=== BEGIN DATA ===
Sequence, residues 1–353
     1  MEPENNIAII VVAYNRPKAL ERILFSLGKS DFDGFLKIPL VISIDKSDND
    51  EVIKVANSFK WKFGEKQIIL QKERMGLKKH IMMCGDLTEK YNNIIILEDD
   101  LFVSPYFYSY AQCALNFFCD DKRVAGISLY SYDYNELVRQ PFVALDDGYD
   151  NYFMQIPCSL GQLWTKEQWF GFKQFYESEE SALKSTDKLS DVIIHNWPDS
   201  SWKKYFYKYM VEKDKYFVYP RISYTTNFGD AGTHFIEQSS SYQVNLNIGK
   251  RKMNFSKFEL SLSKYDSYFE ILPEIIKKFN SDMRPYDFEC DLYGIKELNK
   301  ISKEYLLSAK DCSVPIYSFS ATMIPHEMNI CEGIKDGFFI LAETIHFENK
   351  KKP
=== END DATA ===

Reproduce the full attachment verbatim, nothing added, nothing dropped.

Sequence, residues 1–353
     1  MEPENNIAII VVAYNRPKAL ERILFSLGKS DFDGFLKIPL VISIDKSDND
    51  EVIKVANSFK WKFGEKQIIL QKERMGLKKH IMMCGDLTEK YNNIIILEDD
   101  LFVSPYFYSY AQCALNFFCD DKRVAGISLY SYDYNELVRQ PFVALDDGYD
   151  NYFMQIPCSL GQLWTKEQWF GFKQFYESEE SALKSTDKLS DVIIHNWPDS
   201  SWKKYFYKYM VEKDKYFVYP RISYTTNFGD AGTHFIEQSS SYQVNLNIGK
   251  RKMNFSKFEL SLSKYDSYFE ILPEIIKKFN SDMRPYDFEC DLYGIKELNK
   301  ISKEYLLSAK DCSVPIYSFS ATMIPHEMNI CEGIKDGFFI LAETIHFENK
   351  KKP